PARIS (AP) — She's the youngest French lawmaker and in an election this weekend could become the youngest president of a powerful region.
Marion Marechal-Le Pen, 26, is the fresh-faced rising star of the far-right National Front, using a soft touch to deliver hard messages on migrants and Muslims that outdo her tough-talking aunt, party leader Marine Le Pen.
The stakes in Sunday's vote for leadership councils in 13 French regions are high. If the two Le Pens win their regions, the anti-immigration National Front will shatter France's current political landscape — and Marine Le Pen will boost her chances in France's 2017 presidential campaign.
Both women performed so well in the Dec. 6 first-round vote that the beleaguered governing Socialists pulled out their candidates and ordered supporters to cast ballots for the rival conservatives.
It was a deft move — and now nothing is assured. Two polls released Wednesday showed both Le Pens losing their races, meaning they have just days to redouble their efforts.
Prime Minister Manuel Valls, a Socialist campaigning for weeks against the National Front, played the ultimate fear card Friday, saying on France-Inter radio that "the extreme right advocates division ... that could lead to civil war."
In the meantime, the golden girl with long blonde locks running in southern France appears undaunted by the task.
With a soft voice and poised demeanor, Marechal-Le Pen lambasts the nation's top politicians, once taking the floor in parliament to castigate the prime minister's "brainless contempt" of her party. She derides France's policy on migrants and tells Muslims they must conform to France's Christian tradition if they want to be citizens.
She is "a woman of velvet with a character of steel," Stephane Ravier, a National Front senator, said as he introduced Marechal-Le Pen at a campaign rally Wednesday in Marseille.
National Front members love Marechal-Le Pen, voting her to the top in committee elections a year ago over party heavyweights that included Marine Le Pen's companion, Louis Alliot, and the National Front's No. 2, Florian Philippot — both also running in Sunday's regional vote.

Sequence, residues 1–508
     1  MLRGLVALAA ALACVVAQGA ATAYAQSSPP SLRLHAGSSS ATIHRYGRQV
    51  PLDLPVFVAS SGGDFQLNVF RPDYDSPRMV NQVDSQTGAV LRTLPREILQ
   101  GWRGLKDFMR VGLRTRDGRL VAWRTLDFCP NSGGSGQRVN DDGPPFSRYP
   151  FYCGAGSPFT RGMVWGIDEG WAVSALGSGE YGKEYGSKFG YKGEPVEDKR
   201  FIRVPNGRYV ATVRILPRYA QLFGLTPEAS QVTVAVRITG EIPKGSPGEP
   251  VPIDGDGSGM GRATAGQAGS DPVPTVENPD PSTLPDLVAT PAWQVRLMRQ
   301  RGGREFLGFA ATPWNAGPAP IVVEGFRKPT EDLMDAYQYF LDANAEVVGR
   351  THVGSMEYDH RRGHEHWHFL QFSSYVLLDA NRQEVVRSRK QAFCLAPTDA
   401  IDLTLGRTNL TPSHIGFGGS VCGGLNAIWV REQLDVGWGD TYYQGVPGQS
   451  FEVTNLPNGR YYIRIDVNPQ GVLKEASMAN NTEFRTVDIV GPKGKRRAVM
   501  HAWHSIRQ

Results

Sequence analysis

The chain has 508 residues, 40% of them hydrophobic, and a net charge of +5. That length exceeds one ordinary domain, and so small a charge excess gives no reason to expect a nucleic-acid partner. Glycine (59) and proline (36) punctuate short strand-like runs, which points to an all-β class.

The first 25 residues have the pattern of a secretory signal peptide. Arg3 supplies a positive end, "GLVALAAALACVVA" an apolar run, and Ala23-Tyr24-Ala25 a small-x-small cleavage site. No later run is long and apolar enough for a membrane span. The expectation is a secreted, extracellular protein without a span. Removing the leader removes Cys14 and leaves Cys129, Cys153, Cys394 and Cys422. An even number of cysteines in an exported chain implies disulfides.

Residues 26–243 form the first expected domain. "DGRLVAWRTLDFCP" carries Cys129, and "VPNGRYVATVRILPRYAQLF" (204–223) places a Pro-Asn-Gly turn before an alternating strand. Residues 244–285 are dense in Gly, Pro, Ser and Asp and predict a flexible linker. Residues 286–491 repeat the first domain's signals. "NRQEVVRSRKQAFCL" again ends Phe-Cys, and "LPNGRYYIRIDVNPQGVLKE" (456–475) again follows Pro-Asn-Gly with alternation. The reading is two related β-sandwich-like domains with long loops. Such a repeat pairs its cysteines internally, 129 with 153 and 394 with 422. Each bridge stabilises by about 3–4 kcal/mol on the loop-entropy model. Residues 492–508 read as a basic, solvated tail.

Despite their family ties and far-right bent, much separates the two Le Pen women, from political messages to personality to style. Some of the differences may reflect the regions they are contesting, both with significant Muslim populations.
Marine Le Pen, 47, has worked to scrub away the stigma from a party that for decades has been a political pariah. She owns the stage when she delivers her message of change to the northern lands where she is running, the poorest region of France and a bastion of the governing Socialist Party.
The almost prim Marechal-Le Pen, a conservative Catholic, is running for the presidency of the Provence-Alpes-Cote d'Azur region of southern France, a stronghold of former President Nicolas Sarkozy's conservative right. Despite her Parisian upbringing, she connects with a region of small businesses and farmers deeply attached to tradition and the land, from France's southern Alps to its vineyards and fields of lavender.
The younger Le Pen appeals to both Catholic traditionalists and to the radical identity movement thriving in the south that is trying to keep France French. Dishing out that message, she has vowed that as head of her southern region, she would cut funds to planned parenthood groups and associations representing Muslims.
"We are not a land of Islam," she said at a rally in Toulon. Muslims can be French citizens "only on condition that they bend to the customs and the way of life that Greek, Roman and 16 centuries of Christianity fashioned."
She walked that stance back a bit this week on iTele TV, stressing that all immigrants are expected to exchange their customs for the French way of life.
The French model "has been abandoned in favor of the multicultural ideal, a kind of right to be different that I profoundly believe contributes to the French fracture," she said.
Marechal-Le Pen gets extra love from some National Front supporters because she quietly nurtures the themes of party co-founder Jean-Marie Le Pen, her grandfather, who holds a seat in the southern regional council. He has been ostracized by daughter Marine in a family feud that at one point risked fracturing the party.
Marechal-Le Pen makes it clear she opposes her grandfather's anti-Semitic remarks, which triggered the feud, but embraces his overall message, including the fear that Islam will overtake French civilization.
"She has proved she can convince ... She has the capacity to deliver," Marc Lecointe, a 40-year-old finance professional, said at a Paris rally Thursday that brought together all 13 National Front candidates. The crowd whooped when Marechal-Le Pen took the stage — and spontaneously erupted in a "Happy Birthday" song for her.
"She has something hereditary, a political sense," Lecointe said.
And her looks?
"That helps," he admitted.
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